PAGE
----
Targeting the Bone Marrow Microenvironment

Michele Moschetta, Yawara Kawano, Klaus Podar

Research output: Contribution to book/report/conference proceedingChapter in book/report

10 Citations (Scopus)


Unprecedented advances in multiple myeloma (MM) therapy during the last 15 years are predominantly based on our increasing understanding of the pathophysiologic role of the bone marrow (BM) microenvironment. Indeed, new treatment paradigms, which incorporate thalidomide, immunomodulatory drugs (IMiDs), and proteasome inhibitors, target the tumor cell as well as its BM microenvironment. Ongoing translational research aims to understand in more detail how disordered BM-niche functions contribute to MM pathogenesis and to identify additional derived targeting agents. One of the most exciting advances in the field of MM treatment is the emergence of immune therapies including elotuzumab, daratumumab, the immune checkpoint inhibitors, Bispecific T-cell engagers (BiTes), and Chimeric antigen receptor (CAR)-T cells. This chapter will review our knowledge on the pathophysiology of the BM microenvironment and discuss derived novel agents that hold promise to further improve outcome in MM.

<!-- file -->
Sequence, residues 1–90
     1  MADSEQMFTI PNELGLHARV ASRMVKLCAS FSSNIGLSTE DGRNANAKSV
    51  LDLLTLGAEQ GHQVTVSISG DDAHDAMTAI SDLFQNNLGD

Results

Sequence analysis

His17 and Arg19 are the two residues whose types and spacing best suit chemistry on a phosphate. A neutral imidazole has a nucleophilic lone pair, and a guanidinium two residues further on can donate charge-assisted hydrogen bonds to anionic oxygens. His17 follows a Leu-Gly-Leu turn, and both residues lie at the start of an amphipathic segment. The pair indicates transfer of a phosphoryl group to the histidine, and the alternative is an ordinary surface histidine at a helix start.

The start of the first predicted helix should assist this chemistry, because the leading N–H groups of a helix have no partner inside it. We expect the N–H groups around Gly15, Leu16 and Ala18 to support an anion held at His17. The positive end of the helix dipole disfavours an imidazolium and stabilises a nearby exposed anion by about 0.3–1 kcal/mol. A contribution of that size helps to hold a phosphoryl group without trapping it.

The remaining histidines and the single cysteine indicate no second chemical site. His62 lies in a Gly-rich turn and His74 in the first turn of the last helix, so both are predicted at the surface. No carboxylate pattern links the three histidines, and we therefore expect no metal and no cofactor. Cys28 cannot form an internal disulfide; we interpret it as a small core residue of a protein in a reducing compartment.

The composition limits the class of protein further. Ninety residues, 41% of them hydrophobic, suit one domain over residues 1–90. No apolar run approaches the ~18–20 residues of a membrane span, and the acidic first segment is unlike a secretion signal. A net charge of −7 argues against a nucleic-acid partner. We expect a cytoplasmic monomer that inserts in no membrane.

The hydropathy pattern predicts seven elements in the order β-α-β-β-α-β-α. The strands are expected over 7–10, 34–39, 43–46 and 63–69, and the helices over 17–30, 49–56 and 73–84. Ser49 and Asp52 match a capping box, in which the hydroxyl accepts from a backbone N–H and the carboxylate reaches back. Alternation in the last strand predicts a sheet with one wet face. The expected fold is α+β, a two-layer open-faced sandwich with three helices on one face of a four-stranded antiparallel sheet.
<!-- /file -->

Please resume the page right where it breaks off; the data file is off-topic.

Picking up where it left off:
Original languageEnglish
Title of host publicationPlasma Cell Dyscrasias
Number of pages40
Publication statusPublished - 2016
Externally publishedYes

Publication series

NameCancer Treatment and Research
PublisherSpringer Netherlands
ISSN (Print)0927-3042


  • Animals
  • Bone Marrow/pathology
  • Humans
  • Multiple Myeloma/pathology
  • Tumor Microenvironment


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